Two Photo Tools for Online Merchants - Eye-Fi and TinEye
By Greg Holden
Image is everything when it comes to selling online. Not only do you have to develop a good image for your storefront, but you need to process sales images quickly and protect them from anyone who might steal the files for their own sales descriptions.
Two products - Eye-Fi and Tineye - are designed to provide anyone from amateur photographers to professional ecommerce merchants with improved digital image capabilities. But they have special significance for online sellers who need to get lots of images online efficiently and who need to protect their images from unauthorized use.
Eye-Fi is a maker of SD cards, the kind that go into digital cameras and other devices. But not just any SD cards. These have wireless radios built into them. You insert the card in your digital camera, install the software that lets you configure the cards to work with your wireless network or other wireless device (the cards also work with smartphones and notebooks), and you're all set. Eye-Fi transfers images from your camera to your desired network wirelessly the moment it's in range of that network. No more connecting your camera to a computer and laboriously transferring files over.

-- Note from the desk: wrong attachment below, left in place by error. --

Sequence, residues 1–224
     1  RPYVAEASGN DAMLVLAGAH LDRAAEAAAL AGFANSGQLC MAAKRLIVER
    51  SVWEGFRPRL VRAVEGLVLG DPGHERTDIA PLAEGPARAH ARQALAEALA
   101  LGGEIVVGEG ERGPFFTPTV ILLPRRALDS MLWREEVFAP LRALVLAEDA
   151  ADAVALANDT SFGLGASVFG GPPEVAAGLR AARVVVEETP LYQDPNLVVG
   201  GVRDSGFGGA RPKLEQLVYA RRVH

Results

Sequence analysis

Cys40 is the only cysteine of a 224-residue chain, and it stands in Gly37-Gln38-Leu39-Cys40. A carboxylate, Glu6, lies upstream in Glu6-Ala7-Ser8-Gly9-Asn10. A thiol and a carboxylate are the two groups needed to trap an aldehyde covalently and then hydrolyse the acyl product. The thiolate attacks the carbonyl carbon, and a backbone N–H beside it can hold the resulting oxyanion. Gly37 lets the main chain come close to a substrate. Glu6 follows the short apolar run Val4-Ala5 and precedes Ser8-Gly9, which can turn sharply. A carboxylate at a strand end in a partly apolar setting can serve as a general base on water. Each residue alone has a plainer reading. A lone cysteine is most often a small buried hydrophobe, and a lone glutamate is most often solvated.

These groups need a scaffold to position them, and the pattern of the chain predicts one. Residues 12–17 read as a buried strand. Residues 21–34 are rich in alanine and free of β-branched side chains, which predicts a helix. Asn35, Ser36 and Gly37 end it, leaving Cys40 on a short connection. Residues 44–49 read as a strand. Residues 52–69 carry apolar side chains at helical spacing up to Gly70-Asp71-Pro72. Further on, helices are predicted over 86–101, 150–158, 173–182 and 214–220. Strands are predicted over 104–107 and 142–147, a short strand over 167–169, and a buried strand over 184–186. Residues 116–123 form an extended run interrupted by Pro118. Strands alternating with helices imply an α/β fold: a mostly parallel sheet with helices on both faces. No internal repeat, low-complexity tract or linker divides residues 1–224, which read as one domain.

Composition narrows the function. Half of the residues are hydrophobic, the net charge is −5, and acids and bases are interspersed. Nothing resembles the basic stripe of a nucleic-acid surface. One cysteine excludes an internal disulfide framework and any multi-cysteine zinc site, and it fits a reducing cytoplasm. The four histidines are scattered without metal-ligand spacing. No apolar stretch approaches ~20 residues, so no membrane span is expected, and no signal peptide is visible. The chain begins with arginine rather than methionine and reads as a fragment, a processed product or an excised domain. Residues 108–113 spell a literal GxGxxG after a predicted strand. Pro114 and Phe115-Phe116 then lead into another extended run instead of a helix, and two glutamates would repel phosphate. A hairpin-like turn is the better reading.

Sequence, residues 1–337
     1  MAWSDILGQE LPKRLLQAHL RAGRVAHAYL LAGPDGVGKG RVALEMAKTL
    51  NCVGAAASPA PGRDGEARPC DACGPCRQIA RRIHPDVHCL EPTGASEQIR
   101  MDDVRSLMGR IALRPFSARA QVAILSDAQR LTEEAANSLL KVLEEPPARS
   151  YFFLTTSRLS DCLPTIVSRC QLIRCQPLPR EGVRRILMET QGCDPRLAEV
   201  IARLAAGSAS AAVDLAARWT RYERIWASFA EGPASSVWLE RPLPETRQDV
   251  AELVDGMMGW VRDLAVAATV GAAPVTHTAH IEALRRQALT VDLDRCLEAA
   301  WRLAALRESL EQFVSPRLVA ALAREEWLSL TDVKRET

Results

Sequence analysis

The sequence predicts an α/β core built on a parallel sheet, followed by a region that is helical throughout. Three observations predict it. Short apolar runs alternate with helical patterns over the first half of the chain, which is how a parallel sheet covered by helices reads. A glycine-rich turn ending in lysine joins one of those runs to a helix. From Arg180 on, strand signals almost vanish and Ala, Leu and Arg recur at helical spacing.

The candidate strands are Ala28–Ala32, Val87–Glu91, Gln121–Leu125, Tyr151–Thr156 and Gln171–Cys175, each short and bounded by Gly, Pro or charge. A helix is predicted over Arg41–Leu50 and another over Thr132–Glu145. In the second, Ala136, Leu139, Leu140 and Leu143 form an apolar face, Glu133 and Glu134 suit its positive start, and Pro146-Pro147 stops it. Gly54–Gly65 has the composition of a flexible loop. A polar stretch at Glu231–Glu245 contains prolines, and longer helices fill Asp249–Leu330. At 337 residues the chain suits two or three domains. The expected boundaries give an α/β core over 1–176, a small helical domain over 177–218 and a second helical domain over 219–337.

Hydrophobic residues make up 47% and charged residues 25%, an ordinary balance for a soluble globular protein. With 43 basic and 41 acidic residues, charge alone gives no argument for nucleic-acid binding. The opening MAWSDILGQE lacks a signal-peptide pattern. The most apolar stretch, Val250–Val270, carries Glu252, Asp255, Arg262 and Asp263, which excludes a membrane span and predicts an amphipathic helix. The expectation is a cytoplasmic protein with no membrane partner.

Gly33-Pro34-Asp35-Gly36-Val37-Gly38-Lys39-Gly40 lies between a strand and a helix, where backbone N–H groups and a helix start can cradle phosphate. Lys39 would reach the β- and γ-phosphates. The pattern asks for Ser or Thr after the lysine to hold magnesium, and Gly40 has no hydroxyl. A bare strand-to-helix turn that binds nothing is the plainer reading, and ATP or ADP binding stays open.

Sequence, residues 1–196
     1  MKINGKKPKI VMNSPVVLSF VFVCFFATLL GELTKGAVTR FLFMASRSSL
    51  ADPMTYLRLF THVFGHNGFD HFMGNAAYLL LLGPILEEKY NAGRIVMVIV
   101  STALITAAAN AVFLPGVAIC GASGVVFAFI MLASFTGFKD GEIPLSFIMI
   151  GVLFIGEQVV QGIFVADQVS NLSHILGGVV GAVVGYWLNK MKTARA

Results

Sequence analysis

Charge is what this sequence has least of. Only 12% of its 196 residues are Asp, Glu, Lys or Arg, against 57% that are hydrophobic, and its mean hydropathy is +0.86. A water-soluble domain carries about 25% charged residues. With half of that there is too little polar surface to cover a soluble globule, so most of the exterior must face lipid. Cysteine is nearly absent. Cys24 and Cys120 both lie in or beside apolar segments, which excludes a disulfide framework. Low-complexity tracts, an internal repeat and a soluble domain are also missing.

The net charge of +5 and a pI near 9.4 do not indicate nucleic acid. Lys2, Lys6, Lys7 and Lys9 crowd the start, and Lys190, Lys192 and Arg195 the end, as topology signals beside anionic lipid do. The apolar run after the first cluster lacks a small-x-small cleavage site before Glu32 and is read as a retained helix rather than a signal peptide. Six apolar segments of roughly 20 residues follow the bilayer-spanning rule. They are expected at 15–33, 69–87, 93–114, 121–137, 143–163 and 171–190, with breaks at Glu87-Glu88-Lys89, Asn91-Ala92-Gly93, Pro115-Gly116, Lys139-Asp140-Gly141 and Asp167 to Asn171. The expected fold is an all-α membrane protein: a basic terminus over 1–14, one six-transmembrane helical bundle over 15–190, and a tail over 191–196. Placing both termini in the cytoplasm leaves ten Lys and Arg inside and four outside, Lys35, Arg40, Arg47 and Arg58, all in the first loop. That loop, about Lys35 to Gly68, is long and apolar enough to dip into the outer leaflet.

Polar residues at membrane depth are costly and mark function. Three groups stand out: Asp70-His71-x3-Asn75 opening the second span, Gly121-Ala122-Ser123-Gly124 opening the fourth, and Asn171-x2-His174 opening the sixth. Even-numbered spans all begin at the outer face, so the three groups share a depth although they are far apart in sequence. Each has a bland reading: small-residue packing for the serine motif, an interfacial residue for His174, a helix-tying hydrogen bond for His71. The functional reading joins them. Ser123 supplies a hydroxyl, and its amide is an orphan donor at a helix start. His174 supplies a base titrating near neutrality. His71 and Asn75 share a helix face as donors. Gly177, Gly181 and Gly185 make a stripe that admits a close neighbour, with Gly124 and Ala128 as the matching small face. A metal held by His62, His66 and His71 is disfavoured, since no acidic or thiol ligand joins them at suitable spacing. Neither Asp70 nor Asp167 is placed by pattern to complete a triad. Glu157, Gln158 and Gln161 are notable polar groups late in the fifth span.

For sellers who deal in high quantity, Eye-Fi can boost productivity dramatically. The Eye-Fi website includes a testimonial from Kevin Irish, the owner of a Portland, Oregon-based consignment shop that sells items for people on eBay and other sites. Irish says the Eye-Fi has saved his company thousands of dollars due to the added productivity it provides. Images are instantly transferred to the store's computers and are immediately ready to be cropped and processed. Another eBay drop-off store, The Sellery in Austin, TX, uses Eye-Fi cards to take videos of their items and upload them for sale.
If you're not interested in cropping or tweaking your images, you can upload them directly to one of twenty-five photo sharing sites and link to them immediately to save even more time. (The aforementioned The Sellery uses Google's Picasa site to store and display its images in an online gallery.)
As you might expect, Eye-FI SD cards are considerably more expensive than regular SD cards. They range in price from $49.99 for the 4GB Eye-Fi Connect X2 to $149.99 for the 8GB Eye-Fi Pro X2. If you only want to take images of sales items, the Eye-Fi Connect X2 should work fine. Other Eye-Fi cards include the ability to Geo-tag your images, which is great if you are traveling. The top-of-the-line Pro X2 also lets you upload RAW images and make direct ad hoc connections to laptops or other devices.
You'll find considerably lower prices for the Pro X2 on eBay itself, and even better prices on Amazon.com, than in the Eye-Fi online store. And keep in mind that you might not necessarily need the 8GB models because the cards can be configured to remove images after they are wirelessly transferred to your computer, effectively providing you with "endless" memory.